New York University’s Department of Journalism has appointed 12 new faculty members, including six full-time professors and six Distinguished Writers-in-Residence. Most will teach both graduate and undergraduate classes.

“Unprecedented in the department’s history, this sweeping series of hires includes Pulitzer winners and recipients of the National Book Critics Circle, George Polk, Lannan Literary, MacArthur, and Guggenheim awards,” said Richard Foley, dean of the Faculty of Arts and Science. “Exemplars of journalistic excellence, these distinguished writers and reporters bring to NYU a spirit of innovation coupled with a deep knowledge of the art, craft, and profession of journalism.”

The new Distinguished Writers in Residence in the journalism department are: Paul Berman, Power and the Idealists: Or, the Passion of Joschka Fischer, and its Aftermath, a writer on politics and literature whose essays and articles have appeared in The New York Times and the New Republic, where he is a contributing editor; Ted Conover, the author of four books of nonfiction, including Newjack: Guarding Sing Sing, an account of his 10 months spent working as a corrections officer at New York’s Sing Sing Prison; Lee Hotz, a science and technology reporter for the Los Angeles Times and a Pulitzer-Prize winner; Steven Johnson, the author of Mind Wide Open: Your Brain and the Neuroscience of Everyday Life and Everything Bad is Good For You: Why Popular Culture Is Actually Making Us Smarter, both bestsellers; James McBride, a writer and composer whose memoir, The Color of Water, was on The New York Times bestseller list for more than two years; and, Lawrence Weschler, a staff writer for The New Yorker since the 1980s and the author of several books, including Vermeer in Bosnia: Cultural Comedies and Political Tragedies.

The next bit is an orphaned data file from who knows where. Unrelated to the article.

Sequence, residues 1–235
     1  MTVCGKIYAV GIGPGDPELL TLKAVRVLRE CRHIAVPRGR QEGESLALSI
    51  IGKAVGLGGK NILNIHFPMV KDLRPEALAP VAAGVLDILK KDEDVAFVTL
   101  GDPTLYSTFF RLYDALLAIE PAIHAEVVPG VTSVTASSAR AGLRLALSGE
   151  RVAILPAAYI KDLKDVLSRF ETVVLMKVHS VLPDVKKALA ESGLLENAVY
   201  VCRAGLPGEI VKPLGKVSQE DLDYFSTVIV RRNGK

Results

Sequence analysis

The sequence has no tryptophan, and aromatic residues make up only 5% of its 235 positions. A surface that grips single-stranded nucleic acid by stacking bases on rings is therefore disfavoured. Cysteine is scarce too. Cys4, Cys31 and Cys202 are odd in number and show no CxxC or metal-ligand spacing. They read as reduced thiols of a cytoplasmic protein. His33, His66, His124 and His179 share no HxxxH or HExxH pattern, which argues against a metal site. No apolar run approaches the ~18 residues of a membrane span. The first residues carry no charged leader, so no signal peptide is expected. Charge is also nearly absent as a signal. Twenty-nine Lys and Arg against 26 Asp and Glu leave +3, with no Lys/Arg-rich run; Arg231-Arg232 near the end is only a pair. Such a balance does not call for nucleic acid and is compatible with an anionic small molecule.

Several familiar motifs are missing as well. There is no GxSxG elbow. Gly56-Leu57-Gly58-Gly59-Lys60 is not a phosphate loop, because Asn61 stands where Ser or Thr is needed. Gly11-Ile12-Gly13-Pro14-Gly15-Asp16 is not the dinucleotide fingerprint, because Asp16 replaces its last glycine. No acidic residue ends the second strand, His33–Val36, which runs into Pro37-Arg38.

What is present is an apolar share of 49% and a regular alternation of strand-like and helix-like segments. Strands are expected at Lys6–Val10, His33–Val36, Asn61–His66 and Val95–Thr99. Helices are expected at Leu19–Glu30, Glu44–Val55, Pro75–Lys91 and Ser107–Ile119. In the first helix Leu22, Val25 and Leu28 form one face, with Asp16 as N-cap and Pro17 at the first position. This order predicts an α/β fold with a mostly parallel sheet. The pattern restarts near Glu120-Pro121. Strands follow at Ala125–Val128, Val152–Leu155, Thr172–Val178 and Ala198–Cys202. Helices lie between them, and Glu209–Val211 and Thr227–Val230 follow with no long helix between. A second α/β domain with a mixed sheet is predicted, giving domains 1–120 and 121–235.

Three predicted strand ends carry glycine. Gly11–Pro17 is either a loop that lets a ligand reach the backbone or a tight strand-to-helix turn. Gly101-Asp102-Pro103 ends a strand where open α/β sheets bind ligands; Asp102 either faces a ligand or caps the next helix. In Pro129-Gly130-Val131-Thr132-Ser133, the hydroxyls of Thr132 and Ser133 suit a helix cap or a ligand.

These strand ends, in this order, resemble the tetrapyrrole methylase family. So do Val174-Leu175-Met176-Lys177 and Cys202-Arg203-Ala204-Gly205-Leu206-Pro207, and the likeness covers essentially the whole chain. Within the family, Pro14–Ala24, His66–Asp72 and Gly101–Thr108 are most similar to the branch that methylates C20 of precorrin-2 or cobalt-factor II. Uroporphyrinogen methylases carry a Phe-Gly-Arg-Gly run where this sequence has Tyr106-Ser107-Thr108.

These Distinguished Writers-in-Residence join Pete Hamill, who was appointed to the position in 2004.

For full bios of the Distinguished Writers in Residence, go to:

The six new members of the full-time faculty are the following: Dan Fagin, a former Newsday environmental reporter who is the associate director of the department’s Science and Environmental Reporting Program; Catherine Manegold, a former New York Times reporter and a seven-time Pulitzer Prize nominee; Mary Quigley, a journalist and author whose recent book, Going Back to Work: A Survival Guide, received national media attention; Charles Seife, a writer for Science magazine with a specialty in physics and mathematics; Steve Twomey, a Pulitzer Prize winner who has worked for The Philadelphia Inquirer and The Washington Post; and, Craig Wolff, a former sports, news, and feature writer for The New York Times.

For full bios of these faculty, go to:

Distinguished Writers-in-Residence is a new category of non-tenure track professorships created by NYU’s Faculty of Arts and Science to attract the best intellectual talent to NYU.

“There is a vast pool of intellectual and cultural talent in the New York City area employed outside of academia,” said Foley. “Eminent writers, journalists, and other professionals have expertise that can usefully supplement the research and instruction of the full- time faculty, while also providing links with New York City that would not be otherwise available to our students.”

NYU also named Brooke Kroeger, who has been on the department’s faculty since 1998, chair of the department for a three-year term. A long-time journalist, she is also the author of Passing: When People Can’t Be Who They Are, Fannie: The Talent for Success of Writer Fannie Hurst, and Nellie Bly: Daredevil, Reporter, Feminist.

NYU Journalism is also nearing the culmination of a major effort to rethink and reinvigorate its curriculum in both the graduate and undergraduate divisions, adapting to a rapidly changing media environment. These innovations reflect the convergence of print, broadcast, and digital media that is a fact of life in today’s journalism. They are also designed to enhance NYU’s distinctive approach to journalism education, which emphasizes exemplary professional skills within the context of a rich liberal arts education, fostering a broad intellectual outlook, and a critical perspective on the media’s role in society.

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